Bearing lubricant decreases the friction between bearing balls or rollers and the raceway. Left unchecked, this friction can generate heat that causes premature part degradation or breakage. Improper or insufficient lubrication can result in machinery malfunction, and costly maintenance and downtime. But the right lubricant can minimize friction, dissipate heat away from moving components, and reduce fatigue and corrosion to maximize service life. Lubricants also help prevent moisture from reaching the ball bearings by applying a hydrophobic film around the bearing.

Here we’ll discuss the different types of bearing lubricants, their pros and cons, and other important considerations before investing in a lubrication product for your system.

Bearing Lubricant: Oil or Grease?


There are two main types of lubricants available for bearings: oil and grease. There is also a third option, solid lubrication, for low-maintenance applications.

Grease for bearings is a semi-fluid, to solid, substance consisting of a lubricant mixed with a thickening agent. The lubricant can be an ester, mineral oil, or silicone. The thickener can be an organic or inorganic soap. Its consistency changes as the bearings turn and temperatures increase, causing the grease to thin. A key advantage of grease is its ability to provide lubrication during every stage of ball bearing movement.

Grease made of synthetic elements can perform well in very low or high temperatures.


Bearing oil is a versatile lubricant that can be applied in different ways based on the volume, speed, and other needs of the system. Compared to grease, oil can more effectively dissipate heat and allows for higher limiting speeds.

Advantages and Disadvantages of Oil and Grease Bearing Lubricants

Determining the right fit for your ball-bearing systems can better ensure the performance and longevity of your equipment. Take a deeper look at the advantages and potential disadvantages of oil and grease.


Oils provide a more powerful degree of protection for machinery that needs temperature control. It is better at cooling high-temperature systems and responds well to cold starting. Operators can more easily control the volume of oil being added to a given system. Oil is easier to clean and replace and leads to more energy-efficient machine performance.

On the other hand, oil has a higher chance of leakage, which is a valid environmental concern. Since oil lubricants are often used in food and beverage processing applications, operators should be aware of these potential contaminants.


Grease is the ideal solution for systems without continuous supply piping or lubricant distribution. Since it has a much lower chance of leaking, operators can simply add the grease and leave it within the system. Grease also creates a stronger seal to prevent grit, dirt, or other contaminants from reaching the ball bearings.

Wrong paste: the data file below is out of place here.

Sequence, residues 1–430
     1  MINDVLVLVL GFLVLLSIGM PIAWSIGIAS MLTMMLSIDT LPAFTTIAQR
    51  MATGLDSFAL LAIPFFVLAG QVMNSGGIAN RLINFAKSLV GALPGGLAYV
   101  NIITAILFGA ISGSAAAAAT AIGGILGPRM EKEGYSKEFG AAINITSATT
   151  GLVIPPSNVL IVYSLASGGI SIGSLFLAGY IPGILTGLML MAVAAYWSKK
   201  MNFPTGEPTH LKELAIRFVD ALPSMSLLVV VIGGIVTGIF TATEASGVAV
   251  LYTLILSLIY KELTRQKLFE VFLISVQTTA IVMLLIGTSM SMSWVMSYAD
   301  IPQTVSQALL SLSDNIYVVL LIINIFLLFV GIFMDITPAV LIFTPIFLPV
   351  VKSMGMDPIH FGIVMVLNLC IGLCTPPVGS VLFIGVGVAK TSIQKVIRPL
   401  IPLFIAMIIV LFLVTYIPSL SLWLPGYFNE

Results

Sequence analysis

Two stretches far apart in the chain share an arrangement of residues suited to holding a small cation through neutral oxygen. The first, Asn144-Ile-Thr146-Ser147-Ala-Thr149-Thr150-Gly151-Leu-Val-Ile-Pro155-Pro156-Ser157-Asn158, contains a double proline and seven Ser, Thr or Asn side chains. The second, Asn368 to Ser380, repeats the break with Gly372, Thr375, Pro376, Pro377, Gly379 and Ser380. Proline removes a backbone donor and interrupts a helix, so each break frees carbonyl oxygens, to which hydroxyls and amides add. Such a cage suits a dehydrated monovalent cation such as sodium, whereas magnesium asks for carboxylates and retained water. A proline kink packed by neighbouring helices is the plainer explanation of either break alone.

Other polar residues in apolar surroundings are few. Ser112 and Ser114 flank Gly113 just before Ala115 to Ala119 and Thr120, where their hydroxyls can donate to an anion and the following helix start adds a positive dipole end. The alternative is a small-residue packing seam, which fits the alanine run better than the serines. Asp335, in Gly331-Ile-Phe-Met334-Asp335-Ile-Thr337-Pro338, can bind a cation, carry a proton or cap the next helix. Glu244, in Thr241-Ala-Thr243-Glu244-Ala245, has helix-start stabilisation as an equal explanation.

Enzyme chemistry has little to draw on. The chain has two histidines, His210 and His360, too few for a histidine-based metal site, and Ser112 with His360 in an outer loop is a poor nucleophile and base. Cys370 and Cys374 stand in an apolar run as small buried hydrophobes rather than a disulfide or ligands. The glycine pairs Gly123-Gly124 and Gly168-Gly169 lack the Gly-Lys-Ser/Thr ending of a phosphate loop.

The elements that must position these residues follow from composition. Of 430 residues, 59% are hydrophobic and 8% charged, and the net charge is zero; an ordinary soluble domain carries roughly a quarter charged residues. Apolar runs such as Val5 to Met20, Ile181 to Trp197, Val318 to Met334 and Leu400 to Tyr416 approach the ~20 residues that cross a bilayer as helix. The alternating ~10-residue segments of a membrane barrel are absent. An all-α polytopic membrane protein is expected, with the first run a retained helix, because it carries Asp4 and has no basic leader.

A potential drawback is cost—high-temperature grease can be expensive. Plus, grease is generally more difficult and labor-intensive to clean out and replace. Nonetheless, companies in the motor and aerospace industries rely on grease lubricants for their daily operations.

Considerations When Applying Bearing Lubricant

Lubrication is the number one factor that impacts ball bearing service life. No matter which lubricant you choose, it’s important to consider the application process and requirements. Some factors to keep in mind are:

  • Cleaning: Before lubricant is applied or reapplied, consider the lubricant previously used. If a lubricant is being added that is incompatible with the type previously used, the bearing system must be cleaned with a hydrocarbon solvent. Be sure to follow all manufacturer and workplace safety regulations before you begin.
  • Quantity: Adding too much or too little lubricant can cause damage. Consider factors like reservoir volume, the speed and heat considerations of the system, and the level of sealing to determine the proper quantity of lubricant for your application.
  • Bearing-free space: The free space in the system also determines how much lubricant you should apply. Carefully measure the bearing-free space before adding lubricant.
  • Run-in procedures: Run-in procedures prevent over-lubrication and excess heat. Be sure to remove excess lubricant, establish proper lubricant contact, and properly seal the system.

Reliable Bearing Lubricants from Hiwin

At Hiwin Corporation, we offer a wide range of lubricant options to meet the particular needs of your equipment and operational processes. Our grease lubricants are suitable for general, heavy-load, high-speed, low particle emitting, or other environments. Learn more about the grease and grease guns HIWIN has in stock in Huntley, Illinois.

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